A Megaupload user who legitimately stored his data on the file-sharing website is fighting to get his data back in a legal first.

Ohio videographer Kyle Goodwin lost his files when Megaupload was shut down in January following the Auckland raids on its founder, Kim Dotcom.

The Electronic Frontier Foundation has taken the case on behalf of Mr Goodwin, and a US District Court judge will set a hearing date once lawyers for both sides file briefings for the case next week.

One of the Foundation's lawyers, Julie Samuels, told Radio New Zealand today the case had been before the courts for months and they hoped to have it completed as soon as possible.


"It is pretty straight forward ... There are some logistical concerns about how you actually get the data off the servers, how you identify the data, but we think this is the US Government's responsibility and something the US Government should have taken into account when it seized all of Megaupload's assets and executed the search warrants on those servers.''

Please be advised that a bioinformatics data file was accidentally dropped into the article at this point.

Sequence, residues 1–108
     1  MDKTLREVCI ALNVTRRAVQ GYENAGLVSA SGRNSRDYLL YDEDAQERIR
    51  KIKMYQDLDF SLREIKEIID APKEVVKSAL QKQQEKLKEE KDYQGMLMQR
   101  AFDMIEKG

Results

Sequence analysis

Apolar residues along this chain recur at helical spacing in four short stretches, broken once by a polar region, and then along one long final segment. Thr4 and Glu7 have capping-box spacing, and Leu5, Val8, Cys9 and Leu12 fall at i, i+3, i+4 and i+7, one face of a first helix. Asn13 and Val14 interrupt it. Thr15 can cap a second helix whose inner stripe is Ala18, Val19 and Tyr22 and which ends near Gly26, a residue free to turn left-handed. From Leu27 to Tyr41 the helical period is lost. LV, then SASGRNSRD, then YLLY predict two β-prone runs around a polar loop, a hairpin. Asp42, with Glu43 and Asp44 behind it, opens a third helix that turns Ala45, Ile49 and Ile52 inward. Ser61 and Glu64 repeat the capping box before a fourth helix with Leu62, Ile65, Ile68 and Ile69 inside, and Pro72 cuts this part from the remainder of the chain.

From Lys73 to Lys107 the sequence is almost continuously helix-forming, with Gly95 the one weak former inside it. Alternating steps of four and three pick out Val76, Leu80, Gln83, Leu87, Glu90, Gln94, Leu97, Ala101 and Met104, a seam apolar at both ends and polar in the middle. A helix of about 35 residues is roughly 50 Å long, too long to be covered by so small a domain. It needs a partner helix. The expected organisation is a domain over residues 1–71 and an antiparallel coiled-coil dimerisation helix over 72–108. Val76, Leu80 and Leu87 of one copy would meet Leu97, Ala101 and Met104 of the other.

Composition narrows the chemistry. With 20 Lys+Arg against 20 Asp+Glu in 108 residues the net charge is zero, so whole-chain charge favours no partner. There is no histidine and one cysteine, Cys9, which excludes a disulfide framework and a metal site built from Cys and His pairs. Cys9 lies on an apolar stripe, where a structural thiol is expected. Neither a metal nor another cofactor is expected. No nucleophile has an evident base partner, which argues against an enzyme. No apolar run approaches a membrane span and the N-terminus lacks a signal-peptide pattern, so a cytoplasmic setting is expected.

The Foundation is representing only Mr Goodwin, but Ms Samuels said there could be "millions'' of users in the same position.

"There are innocent third party users who did not breach the law, and they would like their stuff back.''

The type of hearing the Foundation was wanting was unprecedented in America.

Ms Samuels said Mr Goodwin, Carpathia, the company which owns the servers in America, and Megaupload were willing to work together to get the data back, but it was the Government which was standing in the way.